What are the advantages of ECTM and why is it not used in military aviation even though it will help in many ways?

  • 2
    $\begingroup$ Who says it isn't @Thomas1234? What are you basing this on? $\endgroup$
    – GdD
    Nov 23 '18 at 8:34
  • $\begingroup$ apps.dtic.mil/dtic/tr/fulltext/u2/p014128.pdf describes engine monitoring, including engine health monitoring, for the Eurofighter. $\endgroup$ Nov 23 '18 at 9:56
  • $\begingroup$ Which country's military are you referring to? $\endgroup$
    – Pondlife
    Nov 23 '18 at 23:48

ECTM is, I would argue, a necessity for proper maintenance planning/efficiency. I'm not sure why you think it isn't used in military aviation, and I suppose I cannot answer for every military aircraft fleet in the world, but I can assure you that it is used in military aviation.

My answer may not be very complete, but the very short version is "If you don't measure something, you can't plan for it or make it better".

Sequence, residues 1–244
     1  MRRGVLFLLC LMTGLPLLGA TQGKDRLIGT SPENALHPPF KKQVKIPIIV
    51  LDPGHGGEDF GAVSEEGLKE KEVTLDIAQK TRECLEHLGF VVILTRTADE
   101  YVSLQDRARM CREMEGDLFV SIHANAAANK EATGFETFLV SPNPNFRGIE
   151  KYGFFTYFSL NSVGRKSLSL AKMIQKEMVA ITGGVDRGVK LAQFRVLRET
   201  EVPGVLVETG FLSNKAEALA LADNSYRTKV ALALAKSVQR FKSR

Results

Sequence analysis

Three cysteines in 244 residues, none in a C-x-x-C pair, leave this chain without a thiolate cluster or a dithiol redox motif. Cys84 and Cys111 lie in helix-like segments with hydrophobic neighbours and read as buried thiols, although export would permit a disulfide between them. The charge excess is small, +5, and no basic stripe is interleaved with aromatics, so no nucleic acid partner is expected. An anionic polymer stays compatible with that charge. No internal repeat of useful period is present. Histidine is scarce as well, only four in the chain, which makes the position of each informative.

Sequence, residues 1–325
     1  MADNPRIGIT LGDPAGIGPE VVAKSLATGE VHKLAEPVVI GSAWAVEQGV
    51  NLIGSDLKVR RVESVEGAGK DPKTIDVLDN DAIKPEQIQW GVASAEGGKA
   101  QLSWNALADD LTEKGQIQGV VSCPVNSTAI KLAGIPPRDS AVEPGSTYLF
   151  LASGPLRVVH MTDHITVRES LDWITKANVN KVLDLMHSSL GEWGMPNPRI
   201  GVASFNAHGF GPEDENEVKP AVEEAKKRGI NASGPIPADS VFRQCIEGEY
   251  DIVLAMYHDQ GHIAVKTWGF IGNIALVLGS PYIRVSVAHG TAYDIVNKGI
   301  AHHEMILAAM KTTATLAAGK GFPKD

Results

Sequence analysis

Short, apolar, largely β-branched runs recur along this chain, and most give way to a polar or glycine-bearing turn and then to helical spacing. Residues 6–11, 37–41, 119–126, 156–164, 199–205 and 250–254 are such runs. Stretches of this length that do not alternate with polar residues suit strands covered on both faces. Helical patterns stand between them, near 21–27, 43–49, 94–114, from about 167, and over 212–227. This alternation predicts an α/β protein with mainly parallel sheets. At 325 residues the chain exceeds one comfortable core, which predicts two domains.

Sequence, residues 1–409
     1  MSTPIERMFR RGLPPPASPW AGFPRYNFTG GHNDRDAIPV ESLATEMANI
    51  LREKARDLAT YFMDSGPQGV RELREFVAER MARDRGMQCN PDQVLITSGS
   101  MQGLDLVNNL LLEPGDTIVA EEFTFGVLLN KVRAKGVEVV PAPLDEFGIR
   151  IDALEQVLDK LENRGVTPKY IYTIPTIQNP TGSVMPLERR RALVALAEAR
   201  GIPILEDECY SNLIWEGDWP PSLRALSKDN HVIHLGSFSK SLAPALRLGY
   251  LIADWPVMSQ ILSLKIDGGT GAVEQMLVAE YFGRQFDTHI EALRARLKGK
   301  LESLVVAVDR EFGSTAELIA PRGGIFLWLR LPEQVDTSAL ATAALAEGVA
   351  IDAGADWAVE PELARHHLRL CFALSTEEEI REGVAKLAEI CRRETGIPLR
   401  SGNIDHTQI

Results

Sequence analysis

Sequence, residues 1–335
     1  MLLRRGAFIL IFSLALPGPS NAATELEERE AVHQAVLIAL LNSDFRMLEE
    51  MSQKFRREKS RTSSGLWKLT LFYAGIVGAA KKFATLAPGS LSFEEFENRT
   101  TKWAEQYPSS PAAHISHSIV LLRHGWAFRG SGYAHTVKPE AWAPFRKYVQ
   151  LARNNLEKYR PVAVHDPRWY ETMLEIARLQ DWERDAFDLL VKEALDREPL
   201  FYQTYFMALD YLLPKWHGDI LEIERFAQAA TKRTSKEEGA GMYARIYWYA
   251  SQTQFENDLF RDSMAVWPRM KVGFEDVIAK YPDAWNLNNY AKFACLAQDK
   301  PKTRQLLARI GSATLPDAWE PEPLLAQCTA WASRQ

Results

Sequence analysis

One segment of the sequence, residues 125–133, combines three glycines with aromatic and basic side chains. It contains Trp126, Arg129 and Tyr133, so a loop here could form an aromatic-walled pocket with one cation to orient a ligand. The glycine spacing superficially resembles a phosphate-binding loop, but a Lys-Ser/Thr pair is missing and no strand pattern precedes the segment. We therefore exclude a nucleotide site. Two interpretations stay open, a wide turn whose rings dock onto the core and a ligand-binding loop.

The main advantage is establishing a normal rate of degradation for the engines so that you can pick up on anomalies that suggest latent problems, as well as anticipate major overhaul points with better accuracy which is great for long term planning.

Three of the biggest items to monitor would be ITT margin (the difference between the peak ITT shown at takeoff thrust and the max ITT - when you are out of margin you are out of engine), oil consumption, and vibe levels.

As Capt Reynolds shows, I would expect that trend monitoring is common with penny pinching NATO airforces, but to the extent that military organizations don't use trend monitoring, I would guess that it's due to a "disposable" culture within the organization.


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